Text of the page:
At the General Audience on Wednesday morning, 27 September, Pope Francis spoke to the faithful gathered in Saint Peter’s Square about his recent Apostolic Journey to Marseille for the final session of “Rencontres Méditerranéennes” (Mediterranean meetings). Describing the Mediterranean as a “cradle of civilization”, he stressed that it cannot be allowed to become a graveyard or a place of conflict. The following is a translation of his catechesis, which he delivered in Italian.
Dear Brothers and Sisters!
I went to Marseille at the end of last week to participate in the conclusion of the Rencontres Méditerranéennes [Mediterranean Meetings], which involved Bishops and Mayors from the Mediterranean area, along with many young people, to ensure an outlook that is open to the future. In fact, the event that took place in Marseille was entitled, “Mosaic of Hope”. This is the dream, this is the challenge: that the Mediterranean may recover its vocation of being a laboratory of civilization and peace.
As we know, the Mediterranean is a cradle of civilization and a cradle is for life! It is not tolerable that it should become a graveyard and neither should it be a place of conflict. The Mediterranean Sea is the complete opposite of the clash between civilizations, war and human trafficking. It is the exact opposite because the Mediterranean connects Africa, Asia and Europe; the north and the south; the east and the west; persons and cultures; peoples and languages; philosophies and religions. Of course, the sea is always in some way an abyss to overcome, and it can even become dangerous. But its waters safeguard treasures of life and its waves and winds carry all types of vessels.
The Gospel of Jesus Christ departed from its eastern shore 2,000 years ago. Of course, this [its proclamation] did not happen magically; neither was it accomplished once and for all. It is the fruit of a journey in which each generation is called to travel a stretch, reading the signs of the times in which it lives.
The meeting in Marseille comes after similar meetings that took place in Bari in 2020, and in Florence last year. It was not an isolated event, but a step forward in the itinerary that began at the end of the 1950s with the “Mediterranean Colloquia” organized by Giorgio La Pira, the Mayor of Florence. It is a step forward to respond today to the appeal launched by Saint Paul vi in his Encyclical Populorum Progressio, to promote “a more humane world community, where all can give and receive, and where the progress of some is not bought at the expense of others” (n. 44).
What came out of the Marseille event? What emerged is an outlook on the Mediterranean that I would simply call human, not ideological, not strategic, not politically correct nor instrumental; no, human, that is, capable of referring everything to the primary value of the human person and his or her inviolable dignity. Then, at the same time, a hopeful outlook emerged. This is very surprising today: when you hear testimonies from those who have lived through inhuman situations, or who have shared them, and they themselves give you a “profession of hope”. And it is also a fraternal outlook.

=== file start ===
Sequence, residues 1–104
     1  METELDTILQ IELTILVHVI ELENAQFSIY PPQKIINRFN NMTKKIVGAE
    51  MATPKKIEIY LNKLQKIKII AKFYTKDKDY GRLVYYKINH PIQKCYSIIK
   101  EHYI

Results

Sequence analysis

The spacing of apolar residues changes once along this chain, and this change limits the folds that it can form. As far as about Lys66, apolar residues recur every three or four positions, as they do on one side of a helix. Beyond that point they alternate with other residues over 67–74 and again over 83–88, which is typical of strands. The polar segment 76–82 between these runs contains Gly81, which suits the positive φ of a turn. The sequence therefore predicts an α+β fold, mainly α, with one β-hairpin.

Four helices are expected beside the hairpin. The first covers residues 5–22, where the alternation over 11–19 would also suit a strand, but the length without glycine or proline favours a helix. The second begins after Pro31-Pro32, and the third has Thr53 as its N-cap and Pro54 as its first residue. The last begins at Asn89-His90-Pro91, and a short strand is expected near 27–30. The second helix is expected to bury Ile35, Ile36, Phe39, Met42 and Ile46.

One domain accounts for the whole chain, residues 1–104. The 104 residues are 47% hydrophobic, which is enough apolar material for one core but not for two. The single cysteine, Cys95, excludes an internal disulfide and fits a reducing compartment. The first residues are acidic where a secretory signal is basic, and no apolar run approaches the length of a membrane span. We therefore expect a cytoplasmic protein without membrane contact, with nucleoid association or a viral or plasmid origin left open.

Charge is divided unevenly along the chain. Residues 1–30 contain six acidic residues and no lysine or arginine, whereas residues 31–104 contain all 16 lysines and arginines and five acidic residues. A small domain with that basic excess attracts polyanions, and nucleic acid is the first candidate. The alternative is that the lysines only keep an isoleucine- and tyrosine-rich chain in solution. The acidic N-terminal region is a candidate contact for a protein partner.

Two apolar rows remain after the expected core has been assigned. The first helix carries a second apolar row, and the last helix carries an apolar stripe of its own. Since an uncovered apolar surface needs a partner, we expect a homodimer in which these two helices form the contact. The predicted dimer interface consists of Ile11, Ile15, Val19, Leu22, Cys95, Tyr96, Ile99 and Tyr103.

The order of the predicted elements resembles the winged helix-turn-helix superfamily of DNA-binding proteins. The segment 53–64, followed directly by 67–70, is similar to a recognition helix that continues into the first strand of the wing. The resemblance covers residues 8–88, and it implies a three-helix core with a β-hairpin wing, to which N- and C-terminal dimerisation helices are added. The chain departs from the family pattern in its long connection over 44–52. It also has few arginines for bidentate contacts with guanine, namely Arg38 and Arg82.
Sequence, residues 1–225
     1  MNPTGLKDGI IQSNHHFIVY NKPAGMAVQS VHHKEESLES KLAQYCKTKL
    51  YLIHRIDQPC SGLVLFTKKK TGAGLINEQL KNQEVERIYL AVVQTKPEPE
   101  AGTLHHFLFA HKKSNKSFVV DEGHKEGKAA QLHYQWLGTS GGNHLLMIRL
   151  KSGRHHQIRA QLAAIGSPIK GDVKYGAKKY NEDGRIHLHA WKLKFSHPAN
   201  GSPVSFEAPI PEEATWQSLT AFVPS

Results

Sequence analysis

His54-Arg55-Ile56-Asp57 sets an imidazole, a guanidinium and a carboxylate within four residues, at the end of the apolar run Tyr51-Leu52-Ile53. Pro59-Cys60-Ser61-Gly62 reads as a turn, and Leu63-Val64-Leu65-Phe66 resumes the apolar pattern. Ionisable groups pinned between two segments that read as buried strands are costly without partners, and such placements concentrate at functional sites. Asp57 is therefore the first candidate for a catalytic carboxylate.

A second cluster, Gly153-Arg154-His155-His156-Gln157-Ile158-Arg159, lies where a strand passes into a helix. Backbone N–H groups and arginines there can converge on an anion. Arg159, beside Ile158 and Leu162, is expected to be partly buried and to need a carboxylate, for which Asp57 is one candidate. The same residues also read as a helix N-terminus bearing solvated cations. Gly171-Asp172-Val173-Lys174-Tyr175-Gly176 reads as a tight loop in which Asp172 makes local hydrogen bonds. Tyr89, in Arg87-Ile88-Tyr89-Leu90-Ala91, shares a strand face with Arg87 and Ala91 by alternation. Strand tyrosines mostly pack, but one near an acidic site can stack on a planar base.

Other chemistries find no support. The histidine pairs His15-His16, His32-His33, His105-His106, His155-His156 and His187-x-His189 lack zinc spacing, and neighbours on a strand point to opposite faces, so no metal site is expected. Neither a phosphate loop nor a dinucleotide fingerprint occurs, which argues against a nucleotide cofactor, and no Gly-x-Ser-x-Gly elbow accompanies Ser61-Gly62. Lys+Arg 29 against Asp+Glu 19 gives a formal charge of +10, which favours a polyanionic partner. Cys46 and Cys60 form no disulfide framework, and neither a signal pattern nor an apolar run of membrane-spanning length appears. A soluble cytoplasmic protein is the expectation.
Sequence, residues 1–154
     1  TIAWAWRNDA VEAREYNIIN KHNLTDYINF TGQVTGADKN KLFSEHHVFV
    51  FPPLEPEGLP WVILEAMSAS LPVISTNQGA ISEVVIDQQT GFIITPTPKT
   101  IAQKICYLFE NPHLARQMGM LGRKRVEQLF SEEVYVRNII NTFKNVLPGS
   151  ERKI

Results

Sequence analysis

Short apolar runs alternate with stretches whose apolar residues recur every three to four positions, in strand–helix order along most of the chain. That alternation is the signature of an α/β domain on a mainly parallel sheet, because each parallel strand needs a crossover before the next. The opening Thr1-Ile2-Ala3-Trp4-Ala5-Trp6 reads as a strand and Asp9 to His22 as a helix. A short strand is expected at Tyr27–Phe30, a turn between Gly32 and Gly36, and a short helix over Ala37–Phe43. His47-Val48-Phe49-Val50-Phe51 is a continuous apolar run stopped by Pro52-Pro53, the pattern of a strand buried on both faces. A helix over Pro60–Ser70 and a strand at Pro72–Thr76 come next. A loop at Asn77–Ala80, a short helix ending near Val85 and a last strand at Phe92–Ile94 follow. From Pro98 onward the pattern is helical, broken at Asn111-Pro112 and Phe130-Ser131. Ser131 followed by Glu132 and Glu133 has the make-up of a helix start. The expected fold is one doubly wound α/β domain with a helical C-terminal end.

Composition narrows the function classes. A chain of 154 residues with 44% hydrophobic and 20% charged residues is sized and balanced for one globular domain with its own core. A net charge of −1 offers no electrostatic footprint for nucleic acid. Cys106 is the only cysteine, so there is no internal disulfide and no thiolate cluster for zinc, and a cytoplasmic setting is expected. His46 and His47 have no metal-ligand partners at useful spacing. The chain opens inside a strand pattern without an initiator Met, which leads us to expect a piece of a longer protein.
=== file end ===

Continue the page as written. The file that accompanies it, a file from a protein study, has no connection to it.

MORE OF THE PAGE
Brothers and sisters, this hope, this fraternity must not “evaporate”; no, rather, it needs to be organized, to be realized through long, medium and short-term actions so that people can choose to emigrate or not to emigrate, with complete dignity. The Mediterranean must be a message of hope.
But there is another complementary aspect: hope needs to be restored to our European societies, especially to the new generations. In fact, how can we welcome others if we ourselves do not first have a horizon that is open to the future? How can young people, who are poor in hope, closed within their private lives, worried about managing their own precariousness, open themselves to an encounter and to sharing? Often sickened by individualism, by consumerism and by empty escapism, our societies need to open themselves, to refresh their souls and spirits. Then they will be able to read the crisis as an opportunity and deal with it positively.
Europe needs to find again its passion and enthusiasm. And I can say that I found passion and enthusiasm in Marseille: in its Pastor, Cardinal Aveline; in the priests and consecrated persons; in the faithful laity dedicated to charity, to education; in the People of God who showed great warmth during the Mass in the Vélodrome Stadium. I thank all of them, and the President of the Republic, whose presence demonstrated that all of France was paying attention to the event in Marseille. May Our Lady, whom the people of Marseille worship as Notre Dame de la Garde, accompany the journey of the peoples of the Mediterranean so that this region may become what it was always called to be — a mosaic of civilization and hope.
I extend a warm welcome to the English-speaking pilgrims and visitors taking part in today’s Audience, especially the groups from Norway, The Netherlands, South Africa, India, Indonesia, the Philippines, Canada and the United States of America. My special greeting goes to the diaconate class of the Pontifical North American College, together with their families and friends. Upon all of you I invoke the joy and peace of our Lord Jesus Christ. God bless you!
Dear brothers and sisters, today is the liturgical memory of Saint Vincent de’ Paul, who, moved by love of Christ, was committed to [the cause of] the marginalized in society. May his example also spur us to be close to our brothers and sisters in need.
Lastly, as usual, my thoughts turn to young people, to the sick, to the elderly and to newlyweds. Today’s liturgical memory of Saint Vincent de Paul reminds us of the centrality of love for others. I urge each of you to nurture an attitude that is attentive to others and open to those who need you.